From Ken Rosenthal today -
Melky Cabrera hits with less power than Hideki Matsui, but his range in left field upgrades the Yankees’ defense. Center fielder Johnny Damon must cover more ground when Matsui is in left. The presence of Cabrera elevates Damon’s defense from average to above-average, one Yankees official says.
Thus, the return of Gary Sheffield would muddle the equation for the Yankees, even if Matsui is cleared to play the outfield coming off his broken left wrist. With Bobby Abreu in right, Sheffield could get at-bats at DH and first base. But the Yankees would suffer defensively if he were in the field.
A Sheffield-Jason Giambi platoon at first is not without appeal — Giambi is batting only .210 against left-handers. Then again, it’s difficult to imagine the Yankees trusting Sheffield at first, a position he has never played, in the post-season.
Sheffield, not surprisingly, is pressing the issue — he wants to prove he has recovered from surgery on his left wrist. A strong finish could persuade the Yankees to exercise his $13 million option or increase his value to other clubs as a free agent.
This got me thinking. What if Sheffield shows, over the last week of the season that he can play a decent 1B and can still swing the bat?
Sure, then you keep him on the post-season roster. But, what if he does get to play in some of the series and is a post-season hero for the Yankees?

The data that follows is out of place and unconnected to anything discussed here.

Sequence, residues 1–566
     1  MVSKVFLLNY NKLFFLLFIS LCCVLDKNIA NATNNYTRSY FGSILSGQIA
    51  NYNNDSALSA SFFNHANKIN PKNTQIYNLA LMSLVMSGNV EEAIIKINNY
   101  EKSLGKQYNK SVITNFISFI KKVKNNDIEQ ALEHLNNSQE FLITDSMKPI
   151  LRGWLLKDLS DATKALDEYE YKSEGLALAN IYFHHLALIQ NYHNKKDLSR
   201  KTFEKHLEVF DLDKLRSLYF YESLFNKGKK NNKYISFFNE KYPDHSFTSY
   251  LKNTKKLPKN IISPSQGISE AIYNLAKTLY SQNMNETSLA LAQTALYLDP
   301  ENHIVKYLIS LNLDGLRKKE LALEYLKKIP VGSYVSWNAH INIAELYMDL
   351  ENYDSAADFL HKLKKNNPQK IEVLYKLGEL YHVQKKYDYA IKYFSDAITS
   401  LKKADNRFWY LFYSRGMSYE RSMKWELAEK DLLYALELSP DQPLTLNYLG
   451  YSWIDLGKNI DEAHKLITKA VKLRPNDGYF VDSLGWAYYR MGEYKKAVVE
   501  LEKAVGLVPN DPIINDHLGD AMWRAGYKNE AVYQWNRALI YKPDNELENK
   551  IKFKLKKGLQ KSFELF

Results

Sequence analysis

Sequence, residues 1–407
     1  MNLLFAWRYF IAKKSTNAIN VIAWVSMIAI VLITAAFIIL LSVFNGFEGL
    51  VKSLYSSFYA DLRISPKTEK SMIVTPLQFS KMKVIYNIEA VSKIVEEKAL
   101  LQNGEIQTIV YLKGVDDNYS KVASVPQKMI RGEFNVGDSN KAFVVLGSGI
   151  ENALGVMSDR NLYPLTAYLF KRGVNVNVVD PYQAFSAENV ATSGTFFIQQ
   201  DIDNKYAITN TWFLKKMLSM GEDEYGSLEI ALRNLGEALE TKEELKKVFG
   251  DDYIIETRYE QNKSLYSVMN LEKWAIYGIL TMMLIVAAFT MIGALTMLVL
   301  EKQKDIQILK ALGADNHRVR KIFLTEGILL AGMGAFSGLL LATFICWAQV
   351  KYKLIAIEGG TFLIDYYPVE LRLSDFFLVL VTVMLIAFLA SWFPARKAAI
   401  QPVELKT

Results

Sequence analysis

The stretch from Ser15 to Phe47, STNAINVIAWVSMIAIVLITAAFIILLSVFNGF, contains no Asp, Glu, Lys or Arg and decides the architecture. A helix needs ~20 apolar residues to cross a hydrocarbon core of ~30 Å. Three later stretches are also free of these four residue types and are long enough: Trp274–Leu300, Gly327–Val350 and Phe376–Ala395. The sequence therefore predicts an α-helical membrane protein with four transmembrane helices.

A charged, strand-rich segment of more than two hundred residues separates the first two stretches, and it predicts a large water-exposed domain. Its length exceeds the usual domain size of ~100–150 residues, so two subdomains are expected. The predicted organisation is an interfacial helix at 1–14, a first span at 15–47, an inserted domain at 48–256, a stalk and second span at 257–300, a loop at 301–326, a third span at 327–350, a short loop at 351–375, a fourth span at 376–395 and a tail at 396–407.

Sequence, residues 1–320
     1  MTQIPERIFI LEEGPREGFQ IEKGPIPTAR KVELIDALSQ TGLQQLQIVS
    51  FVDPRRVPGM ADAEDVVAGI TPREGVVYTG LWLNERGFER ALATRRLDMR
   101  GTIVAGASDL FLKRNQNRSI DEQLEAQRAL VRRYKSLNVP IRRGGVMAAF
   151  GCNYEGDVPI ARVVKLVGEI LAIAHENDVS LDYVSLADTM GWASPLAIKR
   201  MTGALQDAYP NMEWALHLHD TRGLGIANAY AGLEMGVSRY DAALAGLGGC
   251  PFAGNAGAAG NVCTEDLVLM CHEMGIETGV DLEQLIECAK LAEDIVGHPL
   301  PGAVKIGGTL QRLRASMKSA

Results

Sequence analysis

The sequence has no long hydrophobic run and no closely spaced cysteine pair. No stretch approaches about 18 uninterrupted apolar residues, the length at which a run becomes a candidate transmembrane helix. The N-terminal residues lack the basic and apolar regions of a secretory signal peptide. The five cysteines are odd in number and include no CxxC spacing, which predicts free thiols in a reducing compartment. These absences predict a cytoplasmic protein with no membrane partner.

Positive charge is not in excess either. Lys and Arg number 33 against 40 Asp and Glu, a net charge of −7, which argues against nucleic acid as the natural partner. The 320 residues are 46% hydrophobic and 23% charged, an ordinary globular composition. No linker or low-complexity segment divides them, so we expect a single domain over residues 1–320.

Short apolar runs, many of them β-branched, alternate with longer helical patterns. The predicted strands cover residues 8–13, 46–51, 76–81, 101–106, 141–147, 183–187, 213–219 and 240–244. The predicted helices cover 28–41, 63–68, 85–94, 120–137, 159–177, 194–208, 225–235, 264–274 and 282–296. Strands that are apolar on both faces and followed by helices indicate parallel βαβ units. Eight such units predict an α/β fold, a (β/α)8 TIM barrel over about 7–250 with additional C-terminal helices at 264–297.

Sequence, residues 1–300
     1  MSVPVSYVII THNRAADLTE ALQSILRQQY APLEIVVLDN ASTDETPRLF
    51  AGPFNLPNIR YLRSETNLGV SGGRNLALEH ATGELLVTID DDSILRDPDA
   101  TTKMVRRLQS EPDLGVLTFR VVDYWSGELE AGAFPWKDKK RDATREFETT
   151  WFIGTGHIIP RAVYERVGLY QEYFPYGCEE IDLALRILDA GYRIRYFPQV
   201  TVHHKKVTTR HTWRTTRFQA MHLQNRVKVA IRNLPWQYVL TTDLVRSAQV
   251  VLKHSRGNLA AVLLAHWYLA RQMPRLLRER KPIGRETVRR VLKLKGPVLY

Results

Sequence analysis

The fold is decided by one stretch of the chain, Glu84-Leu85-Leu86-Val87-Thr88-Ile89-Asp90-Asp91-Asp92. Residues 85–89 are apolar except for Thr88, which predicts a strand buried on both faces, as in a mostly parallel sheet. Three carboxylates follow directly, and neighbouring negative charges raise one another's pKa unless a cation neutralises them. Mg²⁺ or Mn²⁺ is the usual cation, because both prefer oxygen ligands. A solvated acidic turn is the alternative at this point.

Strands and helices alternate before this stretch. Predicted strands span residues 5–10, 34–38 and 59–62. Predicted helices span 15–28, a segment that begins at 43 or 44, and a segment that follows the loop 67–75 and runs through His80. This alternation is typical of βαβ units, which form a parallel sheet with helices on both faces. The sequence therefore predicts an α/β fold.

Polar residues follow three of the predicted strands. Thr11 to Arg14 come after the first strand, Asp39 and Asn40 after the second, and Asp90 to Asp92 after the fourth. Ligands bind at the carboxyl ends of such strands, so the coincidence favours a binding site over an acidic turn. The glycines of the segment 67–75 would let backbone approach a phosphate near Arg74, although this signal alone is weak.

Yes, that would make for some interesting debate on how to handle his contract situation – for sure. But, regardless, how would that impact his “Yankees legacy?” We know that Sheffield was a force for the Yankees in 2004 and 2005. What if he delivers a ring in 2006 by coming off his “Yankees-career-death-bed” and gets some huge hits in this post-season? What if he only has one AB in a series but it’s a “1988 Kirk Gibson” moment?
If Sheffield can help the Yankees in this post-season, in a big way, I think that will earn him a place in the hearts of Yankees fans for a long time.
Then again, on the flip-side, if he hurts the Yankees in any way this post-season, 2004 and 2005 will be forgotten in a heartbeat.
There’s a lot riding on this post-season for Sheffield, again, in terms of how he will be remembered in New York.